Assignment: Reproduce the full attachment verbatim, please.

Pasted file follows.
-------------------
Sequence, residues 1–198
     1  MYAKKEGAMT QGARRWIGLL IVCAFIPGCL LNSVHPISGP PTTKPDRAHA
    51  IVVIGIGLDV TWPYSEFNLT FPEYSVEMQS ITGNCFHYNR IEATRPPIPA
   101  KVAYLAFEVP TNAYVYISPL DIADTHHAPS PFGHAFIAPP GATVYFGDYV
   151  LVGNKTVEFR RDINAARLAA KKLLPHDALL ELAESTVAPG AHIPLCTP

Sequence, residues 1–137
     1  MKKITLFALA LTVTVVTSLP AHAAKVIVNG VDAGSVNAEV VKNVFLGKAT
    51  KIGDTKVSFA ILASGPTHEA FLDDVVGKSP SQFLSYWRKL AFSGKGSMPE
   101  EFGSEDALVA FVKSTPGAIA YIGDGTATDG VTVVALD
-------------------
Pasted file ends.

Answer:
Sequence, residues 1–198
     1  MYAKKEGAMT QGARRWIGLL IVCAFIPGCL LNSVHPISGP PTTKPDRAHA
    51  IVVIGIGLDV TWPYSEFNLT FPEYSVEMQS ITGNCFHYNR IEATRPPIPA
   101  KVAYLAFEVP TNAYVYISPL DIADTHHAPS PFGHAFIAPP GATVYFGDYV
   151  LVGNKTVEFR RDINAARLAA KKLLPHDALL ELAESTVAPG AHIPLCTP

Sequence, residues 1–137
     1  MKKITLFALA LTVTVVTSLP AHAAKVIVNG VDAGSVNAEV VKNVFLGKAT
    51  KIGDTKVSFA ILASGPTHEA FLDDVVGKSP SQFLSYWRKL AFSGKGSMPE
   101  EFGSEDALVA FVKSTPGAIA YIGDGTATDG VTVVALD